Publisher description for Consumer culture and postmodernism / Mike Featherstone.


Bibliographic record and links to related information available from the Library of Congress catalog


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If a society is postmodern, it must prioritize the consumption of resources in everyday life. In this view, mass media advertising and market dynamics lead us to a constant search for new fashions, new styles, new sensations, and new experiences. In this volume, Featherstone examines the idea of a postmodern society. He explores the roots of consumer culture, how it is defined and differentiated and the extent to which it represents the arrival of a "postmodern" world. He examines the theories of consumption and postmodernism among contemporary social theorists and relates these to the actual nature of contemporary consumer culture. Consumer Culture and Postmodernism will interest academics and professionals in the areas of sociology, social theory, cultural studies, economics and anthropology. "Several of Mike Featherstone's chapters address topics that are immediately recognizable to marketing researchers. . . . In exploring these issues the author reveals a strong grounding in sociological theory and research, leading to some penetrating interpretive insights about contemporary consumer life. Uncovering the sociocultural significance of these particular consumption developments is Featherstone's chief concern. . . . He does an admirable job." --Journal of the Academy of Marketing Science "Featherstone neatly integrates recent ideas, models and writings concerning consumer capitalism, postindustrialism and postmodernity. . . . The author has taken great pains to develop (his) ideas clearly and to make the esoteric accessible to the literate." --Cooperative Economics News Service ". . . [Featherstone's book] can be recommended. . . . A worthwhile effort to open up a relatively undeveloped field." --Peter R. Grahame, Bentley College in Massachusetts ". . . precisely the sort of text which is necessary to read to escape from our productivist preconceptions. . . . The text must be recommended wholeheartedly to all those in industrial relations who wish to have their noninstitutional lives illuminated for them." --British Journal of Industrial Relations "Of great value to social scientists seeking a guide to the growing literature on the intersection of these two processes, which can no longer be considered peripheral concerns of contemporary sociology." --Humanity and Society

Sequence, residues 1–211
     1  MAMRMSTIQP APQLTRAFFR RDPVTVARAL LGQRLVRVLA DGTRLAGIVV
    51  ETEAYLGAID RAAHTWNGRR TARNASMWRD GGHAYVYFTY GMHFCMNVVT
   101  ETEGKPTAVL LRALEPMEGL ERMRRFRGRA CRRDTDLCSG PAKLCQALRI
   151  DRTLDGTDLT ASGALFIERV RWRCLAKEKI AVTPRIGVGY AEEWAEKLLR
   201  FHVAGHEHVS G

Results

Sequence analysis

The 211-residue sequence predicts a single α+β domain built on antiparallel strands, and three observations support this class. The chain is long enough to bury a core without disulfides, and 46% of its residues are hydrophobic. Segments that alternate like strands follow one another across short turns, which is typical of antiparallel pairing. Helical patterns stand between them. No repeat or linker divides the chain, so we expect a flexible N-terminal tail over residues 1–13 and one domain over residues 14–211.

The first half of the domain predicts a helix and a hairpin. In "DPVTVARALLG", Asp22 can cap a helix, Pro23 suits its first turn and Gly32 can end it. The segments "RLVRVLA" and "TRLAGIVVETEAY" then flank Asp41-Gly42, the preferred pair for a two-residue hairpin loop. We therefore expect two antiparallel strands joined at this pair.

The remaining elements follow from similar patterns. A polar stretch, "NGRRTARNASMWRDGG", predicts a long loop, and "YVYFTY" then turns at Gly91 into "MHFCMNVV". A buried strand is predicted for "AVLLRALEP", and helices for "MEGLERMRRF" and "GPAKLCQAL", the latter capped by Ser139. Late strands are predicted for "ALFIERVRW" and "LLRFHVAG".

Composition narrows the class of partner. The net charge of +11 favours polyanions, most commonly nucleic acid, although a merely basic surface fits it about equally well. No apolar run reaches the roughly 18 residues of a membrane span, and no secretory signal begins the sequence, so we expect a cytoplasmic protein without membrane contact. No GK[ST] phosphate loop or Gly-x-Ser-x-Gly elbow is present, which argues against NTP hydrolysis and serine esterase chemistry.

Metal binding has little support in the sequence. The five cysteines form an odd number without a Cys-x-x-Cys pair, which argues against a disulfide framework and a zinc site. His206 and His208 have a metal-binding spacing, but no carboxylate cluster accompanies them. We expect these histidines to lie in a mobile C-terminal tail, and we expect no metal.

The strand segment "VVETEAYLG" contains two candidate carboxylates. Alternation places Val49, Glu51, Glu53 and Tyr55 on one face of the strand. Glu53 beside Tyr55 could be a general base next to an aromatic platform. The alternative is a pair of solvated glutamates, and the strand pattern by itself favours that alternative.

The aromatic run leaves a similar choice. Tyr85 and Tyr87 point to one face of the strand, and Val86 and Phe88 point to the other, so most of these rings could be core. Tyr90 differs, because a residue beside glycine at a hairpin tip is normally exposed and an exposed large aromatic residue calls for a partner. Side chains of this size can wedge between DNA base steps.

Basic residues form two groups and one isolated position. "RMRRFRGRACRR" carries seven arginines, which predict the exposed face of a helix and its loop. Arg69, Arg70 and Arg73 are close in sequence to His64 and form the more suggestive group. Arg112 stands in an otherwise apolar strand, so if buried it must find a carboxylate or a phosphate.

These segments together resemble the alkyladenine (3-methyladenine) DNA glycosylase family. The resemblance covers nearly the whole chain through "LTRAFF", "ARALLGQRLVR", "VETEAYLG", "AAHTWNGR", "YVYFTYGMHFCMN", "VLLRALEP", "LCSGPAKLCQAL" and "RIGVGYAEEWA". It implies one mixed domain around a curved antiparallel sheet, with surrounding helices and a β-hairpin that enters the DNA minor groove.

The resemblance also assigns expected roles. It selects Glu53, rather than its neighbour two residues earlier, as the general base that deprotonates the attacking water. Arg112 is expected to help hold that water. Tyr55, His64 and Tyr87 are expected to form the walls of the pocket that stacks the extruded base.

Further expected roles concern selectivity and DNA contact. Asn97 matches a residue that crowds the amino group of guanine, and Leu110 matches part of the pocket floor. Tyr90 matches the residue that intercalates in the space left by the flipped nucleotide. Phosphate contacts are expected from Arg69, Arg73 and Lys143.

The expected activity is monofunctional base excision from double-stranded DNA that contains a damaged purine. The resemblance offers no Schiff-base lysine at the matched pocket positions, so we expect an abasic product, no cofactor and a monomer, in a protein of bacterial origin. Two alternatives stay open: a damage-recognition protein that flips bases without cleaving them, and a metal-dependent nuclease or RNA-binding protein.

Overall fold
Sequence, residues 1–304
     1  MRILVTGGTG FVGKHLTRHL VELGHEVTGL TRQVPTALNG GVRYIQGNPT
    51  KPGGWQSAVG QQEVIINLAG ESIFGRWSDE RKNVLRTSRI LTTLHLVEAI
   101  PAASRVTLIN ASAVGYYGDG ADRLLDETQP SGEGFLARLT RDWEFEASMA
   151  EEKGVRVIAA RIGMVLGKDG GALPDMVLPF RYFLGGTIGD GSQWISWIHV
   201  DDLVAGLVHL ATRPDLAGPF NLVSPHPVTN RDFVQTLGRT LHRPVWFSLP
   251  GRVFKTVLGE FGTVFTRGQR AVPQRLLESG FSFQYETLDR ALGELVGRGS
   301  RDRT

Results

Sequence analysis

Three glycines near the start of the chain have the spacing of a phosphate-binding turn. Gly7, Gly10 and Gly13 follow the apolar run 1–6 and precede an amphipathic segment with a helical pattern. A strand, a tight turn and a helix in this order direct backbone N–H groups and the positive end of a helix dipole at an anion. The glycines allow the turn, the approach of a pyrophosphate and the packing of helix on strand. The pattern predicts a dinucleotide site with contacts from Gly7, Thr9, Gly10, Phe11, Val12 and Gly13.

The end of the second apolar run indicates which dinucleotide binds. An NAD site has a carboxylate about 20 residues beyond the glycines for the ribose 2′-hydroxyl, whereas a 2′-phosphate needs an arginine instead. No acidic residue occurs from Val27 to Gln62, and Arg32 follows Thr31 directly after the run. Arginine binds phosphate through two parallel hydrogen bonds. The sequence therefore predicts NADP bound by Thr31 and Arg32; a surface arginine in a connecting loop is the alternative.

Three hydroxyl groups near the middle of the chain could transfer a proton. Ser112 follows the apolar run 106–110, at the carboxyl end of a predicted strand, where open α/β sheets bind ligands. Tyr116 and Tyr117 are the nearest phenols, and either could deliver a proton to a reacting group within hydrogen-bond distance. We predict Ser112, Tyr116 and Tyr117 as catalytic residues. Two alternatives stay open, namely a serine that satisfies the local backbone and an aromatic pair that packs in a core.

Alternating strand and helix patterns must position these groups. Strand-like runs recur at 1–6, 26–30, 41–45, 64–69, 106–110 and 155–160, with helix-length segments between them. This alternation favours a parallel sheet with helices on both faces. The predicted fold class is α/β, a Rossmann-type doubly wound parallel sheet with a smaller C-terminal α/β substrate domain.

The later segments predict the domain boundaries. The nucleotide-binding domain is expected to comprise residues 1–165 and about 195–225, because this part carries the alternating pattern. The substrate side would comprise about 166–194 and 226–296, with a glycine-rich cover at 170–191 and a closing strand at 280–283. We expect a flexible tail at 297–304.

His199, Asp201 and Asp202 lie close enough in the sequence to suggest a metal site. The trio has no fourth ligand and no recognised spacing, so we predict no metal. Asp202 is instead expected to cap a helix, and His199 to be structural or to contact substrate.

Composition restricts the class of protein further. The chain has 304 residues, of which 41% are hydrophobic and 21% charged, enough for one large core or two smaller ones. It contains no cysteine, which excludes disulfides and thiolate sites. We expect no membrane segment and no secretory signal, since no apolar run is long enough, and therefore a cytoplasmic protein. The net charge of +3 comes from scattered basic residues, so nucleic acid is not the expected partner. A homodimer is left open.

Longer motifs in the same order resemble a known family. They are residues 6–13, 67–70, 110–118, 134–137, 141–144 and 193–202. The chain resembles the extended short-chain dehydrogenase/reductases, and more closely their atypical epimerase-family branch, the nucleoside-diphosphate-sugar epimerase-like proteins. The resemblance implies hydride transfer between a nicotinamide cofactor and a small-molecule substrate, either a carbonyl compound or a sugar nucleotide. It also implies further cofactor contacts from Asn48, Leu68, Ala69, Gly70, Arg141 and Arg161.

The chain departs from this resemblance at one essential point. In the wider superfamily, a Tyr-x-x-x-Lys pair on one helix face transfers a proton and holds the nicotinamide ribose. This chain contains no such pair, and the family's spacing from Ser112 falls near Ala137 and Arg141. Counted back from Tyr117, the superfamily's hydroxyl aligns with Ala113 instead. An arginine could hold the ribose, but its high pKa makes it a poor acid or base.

Library of Congress subject headings for this publication:
Popular culture -- History -- 20th century.
Postmodernism.
Consumers -- History -- 20th century.